But this is the part that REALLY gets us. If you’ve been reading PETITION long enough — particularly our “We Have a Feasibility Problem” series — you know by now that you ought to be AWFULLY SKEPTICAL of management team’s rosy projections. Per the company:

The Debtor’s projections indicate that the Reorganization Business Plan will return the Debtor to stand-alone profitability by 2021 assuming successful store closures through this Chapter 11 Case, thereby ensuring its ability to continue operating as a going-concern, saving over 300 jobs, and creating new ones through the new store openings.

Generally, we’ll take the under. Though, we have to say: at least they’re not audaciously projecting a miraculous profit in 2019.

How will they achieve all of these lofty goals? The company’s foreign parent will invest $36mm over the three-year period of the business plan because…well…why the hell not? Everyone loves a Hail Mary.


*The company suffered from an ill-advised and poorly-timed real estate spending spree. Between 2008 and 2015, right as brick-and-mortar really started to decline and e-commerce expand, the company expended $90mm on leases. As for Fifth Avenue, per the company, “the Debtor’s store on Fifth Avenue in Manhattan, which opened in 2008 and closed in 2014, by itself received approximately $18 million in capital expenditures during its tenure while generating substantial losses.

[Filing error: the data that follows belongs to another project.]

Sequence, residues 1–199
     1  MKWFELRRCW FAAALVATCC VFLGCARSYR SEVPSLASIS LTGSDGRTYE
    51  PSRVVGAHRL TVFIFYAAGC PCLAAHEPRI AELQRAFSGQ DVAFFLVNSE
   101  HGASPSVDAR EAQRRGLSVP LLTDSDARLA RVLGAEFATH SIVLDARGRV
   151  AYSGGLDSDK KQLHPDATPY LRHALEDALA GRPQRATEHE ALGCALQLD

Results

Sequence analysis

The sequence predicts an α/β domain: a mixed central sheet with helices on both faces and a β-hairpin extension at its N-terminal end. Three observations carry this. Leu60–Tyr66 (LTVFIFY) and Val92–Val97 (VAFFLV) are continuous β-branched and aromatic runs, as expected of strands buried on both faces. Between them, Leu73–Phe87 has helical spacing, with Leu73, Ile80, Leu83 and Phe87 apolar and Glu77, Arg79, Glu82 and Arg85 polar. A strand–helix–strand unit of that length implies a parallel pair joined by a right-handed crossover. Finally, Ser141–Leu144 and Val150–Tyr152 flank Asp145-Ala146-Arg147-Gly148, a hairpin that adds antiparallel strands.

**The company doesn’t appear to have put much into its e-commerce growth. While e-commerce now represents 12% of net sales, sales are only incrementally higher in absolute numbers (from $8mm in 2014 to $12mm in 2018). The wholesale channel, on the other hand, has gone in the opposite direction. Net sales went from $61mm (2014) to $19mm (2018) and now represent only 19% of net sales (down from 32%).

***It seems, though, that outlet stores, wholesale and e-commerce resulted in negative $2mm EBITDA if the math from the above quote is correct. Curious.

****Score for Facebook Inc. ($FB)!


  • Jurisdiction: D. of Delaware (Judge Walrath)

  • Professionals:

    • Legal: Arent Fox LLP (George Angelich, David Mayo, Phillip Khezri) & (local) Young Conaway Stargatt & Taylor LLP (Pauline Morgan, Kenneth Enos, Travis Buchanan)

    • Claims Agent: Bankruptcy Management Solutions d/b/a Stretto (*click on the link above for free docket access)

  • Other Parties in Interest: